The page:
This is One of the Most Dangerous Things an Investor Can Face
Today, I want to talk to you about a very dangerous thing.
Confirmation bias is when we tend to look for and interpret things in a way that supports our personal beliefs.
Whether we want to admit it or not, most people make up their minds before they absorb any new information. They then look for facts and ideas that support their views and tend to ignore or dismiss ideas that don’t.
For many things in life, confirmation bias simply leads to arguments with others. But in investing, confirmation bias can mean LOSING MONEY.
And whereas an argument can be resolved relatively quickly by considering the other person’s points (or by saying “I’m sorry”), lost money from bad investing can take a LONG time to recoup.
With that in mind, it’s important to have some kind of objective measure for determining what the market is telling us.
This is especially true during times like the one in which we find ourselves – in which we are attempting to determine if the crisis is over or if another leg down is coming.
Three Charts That Are Telling Me to Watch & Wait
Personally, I like to use credit markets to keep myself objective.
The credit markets are many multiples larger than the stock market. And credit investors tend to be far more sophisticated than their stock counterparts.
And most importantly of all, credit typically leads stocks. So it provides a sounder basis for getting your head around what’s coming.
I note this morning that high yield credit spreads have rallied strongly but are struggling to close the gap from the limit down open on Monday, March 16 (red box below). Personally, I want to see this gap closed before moving aggressively back into the markets.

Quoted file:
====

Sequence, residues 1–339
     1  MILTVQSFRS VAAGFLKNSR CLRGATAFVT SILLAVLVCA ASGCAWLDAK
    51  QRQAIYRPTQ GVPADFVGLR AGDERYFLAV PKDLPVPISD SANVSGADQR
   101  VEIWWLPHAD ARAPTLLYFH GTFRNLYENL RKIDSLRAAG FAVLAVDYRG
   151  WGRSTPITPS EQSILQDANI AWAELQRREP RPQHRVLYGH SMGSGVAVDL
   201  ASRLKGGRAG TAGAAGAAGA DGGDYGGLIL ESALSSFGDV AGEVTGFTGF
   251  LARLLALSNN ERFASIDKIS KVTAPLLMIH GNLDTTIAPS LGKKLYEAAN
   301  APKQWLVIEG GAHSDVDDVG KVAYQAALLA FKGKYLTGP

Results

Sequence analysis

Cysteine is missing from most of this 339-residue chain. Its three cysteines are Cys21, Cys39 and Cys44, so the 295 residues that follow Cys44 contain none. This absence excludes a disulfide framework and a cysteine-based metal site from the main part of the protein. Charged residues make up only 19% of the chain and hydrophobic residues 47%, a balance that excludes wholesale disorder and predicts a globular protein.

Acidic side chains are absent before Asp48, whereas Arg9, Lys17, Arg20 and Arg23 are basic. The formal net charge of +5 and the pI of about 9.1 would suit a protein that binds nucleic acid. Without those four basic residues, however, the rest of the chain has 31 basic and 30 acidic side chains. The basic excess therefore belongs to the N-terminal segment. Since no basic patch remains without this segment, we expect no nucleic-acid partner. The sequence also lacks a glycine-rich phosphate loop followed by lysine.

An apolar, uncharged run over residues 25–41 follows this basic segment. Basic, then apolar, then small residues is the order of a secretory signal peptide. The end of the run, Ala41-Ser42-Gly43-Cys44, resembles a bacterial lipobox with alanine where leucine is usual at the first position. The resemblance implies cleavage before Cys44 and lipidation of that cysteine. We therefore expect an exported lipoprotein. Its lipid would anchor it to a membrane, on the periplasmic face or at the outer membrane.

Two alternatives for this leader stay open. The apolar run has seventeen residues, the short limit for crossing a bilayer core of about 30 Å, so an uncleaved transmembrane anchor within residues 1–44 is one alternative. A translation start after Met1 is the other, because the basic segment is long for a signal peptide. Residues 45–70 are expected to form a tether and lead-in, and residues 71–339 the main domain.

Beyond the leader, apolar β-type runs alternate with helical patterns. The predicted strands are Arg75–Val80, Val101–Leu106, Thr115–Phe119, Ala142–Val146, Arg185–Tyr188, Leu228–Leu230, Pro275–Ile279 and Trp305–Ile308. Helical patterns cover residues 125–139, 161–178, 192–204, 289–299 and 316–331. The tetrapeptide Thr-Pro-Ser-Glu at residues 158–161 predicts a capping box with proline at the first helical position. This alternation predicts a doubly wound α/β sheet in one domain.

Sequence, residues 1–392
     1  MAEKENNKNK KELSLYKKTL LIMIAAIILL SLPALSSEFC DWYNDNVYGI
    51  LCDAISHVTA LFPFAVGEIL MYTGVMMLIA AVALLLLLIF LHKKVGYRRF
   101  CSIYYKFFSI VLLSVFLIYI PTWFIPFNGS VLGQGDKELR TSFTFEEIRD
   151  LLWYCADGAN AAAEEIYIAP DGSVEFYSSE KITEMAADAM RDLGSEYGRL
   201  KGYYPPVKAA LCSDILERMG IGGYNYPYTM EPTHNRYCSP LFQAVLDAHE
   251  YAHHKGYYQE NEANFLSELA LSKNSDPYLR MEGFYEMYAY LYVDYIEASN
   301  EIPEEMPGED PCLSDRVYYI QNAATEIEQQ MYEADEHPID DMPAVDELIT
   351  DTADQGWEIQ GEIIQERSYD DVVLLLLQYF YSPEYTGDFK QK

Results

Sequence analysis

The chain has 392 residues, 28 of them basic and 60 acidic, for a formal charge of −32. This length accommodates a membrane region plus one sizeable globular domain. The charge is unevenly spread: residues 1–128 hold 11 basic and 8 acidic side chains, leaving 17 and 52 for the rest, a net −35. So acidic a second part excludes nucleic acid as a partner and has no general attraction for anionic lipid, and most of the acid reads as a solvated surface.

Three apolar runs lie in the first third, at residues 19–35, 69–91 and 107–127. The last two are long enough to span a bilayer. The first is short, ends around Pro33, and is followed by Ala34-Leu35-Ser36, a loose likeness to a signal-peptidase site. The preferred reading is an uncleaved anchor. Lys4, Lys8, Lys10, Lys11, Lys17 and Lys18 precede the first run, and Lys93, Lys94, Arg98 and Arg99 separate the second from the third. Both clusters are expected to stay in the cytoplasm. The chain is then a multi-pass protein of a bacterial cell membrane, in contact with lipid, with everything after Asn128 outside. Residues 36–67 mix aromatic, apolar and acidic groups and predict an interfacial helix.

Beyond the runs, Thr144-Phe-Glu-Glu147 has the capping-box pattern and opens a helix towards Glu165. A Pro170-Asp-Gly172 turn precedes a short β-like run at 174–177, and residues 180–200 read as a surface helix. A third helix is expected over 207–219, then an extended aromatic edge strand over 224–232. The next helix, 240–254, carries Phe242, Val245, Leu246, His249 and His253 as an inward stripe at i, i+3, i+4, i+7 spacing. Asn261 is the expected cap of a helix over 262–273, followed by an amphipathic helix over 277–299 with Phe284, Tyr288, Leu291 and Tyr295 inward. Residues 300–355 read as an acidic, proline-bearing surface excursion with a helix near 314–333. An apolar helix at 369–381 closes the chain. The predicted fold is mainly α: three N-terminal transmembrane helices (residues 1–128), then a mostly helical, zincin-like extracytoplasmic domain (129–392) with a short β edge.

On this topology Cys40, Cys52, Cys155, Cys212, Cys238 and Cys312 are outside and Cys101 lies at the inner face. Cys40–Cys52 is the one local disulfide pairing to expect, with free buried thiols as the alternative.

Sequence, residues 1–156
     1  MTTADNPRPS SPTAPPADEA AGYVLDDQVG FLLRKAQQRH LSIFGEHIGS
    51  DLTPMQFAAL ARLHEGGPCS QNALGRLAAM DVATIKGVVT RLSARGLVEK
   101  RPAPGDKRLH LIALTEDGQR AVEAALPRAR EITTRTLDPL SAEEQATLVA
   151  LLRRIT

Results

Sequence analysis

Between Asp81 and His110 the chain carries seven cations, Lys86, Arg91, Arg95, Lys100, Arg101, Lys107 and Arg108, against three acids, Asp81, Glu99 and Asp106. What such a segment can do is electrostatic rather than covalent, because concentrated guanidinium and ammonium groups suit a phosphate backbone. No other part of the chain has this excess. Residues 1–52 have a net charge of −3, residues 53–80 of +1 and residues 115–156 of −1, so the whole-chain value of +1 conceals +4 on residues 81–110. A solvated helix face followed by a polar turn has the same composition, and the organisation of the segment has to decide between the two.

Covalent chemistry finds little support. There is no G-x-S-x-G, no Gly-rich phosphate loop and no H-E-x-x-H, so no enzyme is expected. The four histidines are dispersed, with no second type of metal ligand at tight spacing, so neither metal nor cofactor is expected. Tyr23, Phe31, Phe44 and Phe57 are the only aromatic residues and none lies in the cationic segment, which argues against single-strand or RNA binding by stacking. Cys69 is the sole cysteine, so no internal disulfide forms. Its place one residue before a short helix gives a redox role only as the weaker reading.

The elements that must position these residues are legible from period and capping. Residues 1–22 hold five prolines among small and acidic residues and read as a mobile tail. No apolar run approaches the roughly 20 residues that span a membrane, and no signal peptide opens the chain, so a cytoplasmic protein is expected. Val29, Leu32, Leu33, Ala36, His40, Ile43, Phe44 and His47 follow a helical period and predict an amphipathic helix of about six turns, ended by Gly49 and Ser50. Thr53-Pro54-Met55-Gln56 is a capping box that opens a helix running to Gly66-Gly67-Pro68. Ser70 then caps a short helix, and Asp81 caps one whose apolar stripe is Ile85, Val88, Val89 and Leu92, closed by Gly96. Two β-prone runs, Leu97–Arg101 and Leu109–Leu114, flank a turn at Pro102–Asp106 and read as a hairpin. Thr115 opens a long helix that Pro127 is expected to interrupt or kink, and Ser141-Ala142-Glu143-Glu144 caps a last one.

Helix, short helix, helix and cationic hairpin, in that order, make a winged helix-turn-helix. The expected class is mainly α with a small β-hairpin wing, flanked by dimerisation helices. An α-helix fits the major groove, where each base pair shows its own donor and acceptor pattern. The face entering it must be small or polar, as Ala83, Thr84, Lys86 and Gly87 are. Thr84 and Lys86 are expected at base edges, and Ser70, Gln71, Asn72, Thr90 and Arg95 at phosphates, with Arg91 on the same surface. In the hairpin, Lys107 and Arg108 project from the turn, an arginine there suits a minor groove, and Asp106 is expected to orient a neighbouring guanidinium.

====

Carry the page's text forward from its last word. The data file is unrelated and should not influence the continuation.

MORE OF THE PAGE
The same is true for investment grade credit spreads. Here, spreads have actually entered the gap but have yet to break above it.
Considering the Fed has broadcasted it would be buying investment grade credit with “unlimited QE,” I am surprised credit is struggling here.
If both credit spreads break above their gaps, I’d issue an “all clear” on stocks. But right now, they’re struggling to move higher. And until they do, I’m not going to be putting my money to work, no matter what my natural confirmation bias might be.
This, combined with the fact that breadth is struggling to break above resistance (red line in the chart below), has me concerned we are going to see another significant drop.
If these three charts manage to break above the levels I’m watching, I’d look to move more capital back into the markets. But until they do, I’m in “watch and wait” mode.
Yes, I might miss out on some gains… but more importantly, I’m keeping my confirmation bias in check and letting the markets SHOW me what is real.
Editor, Money & Crisis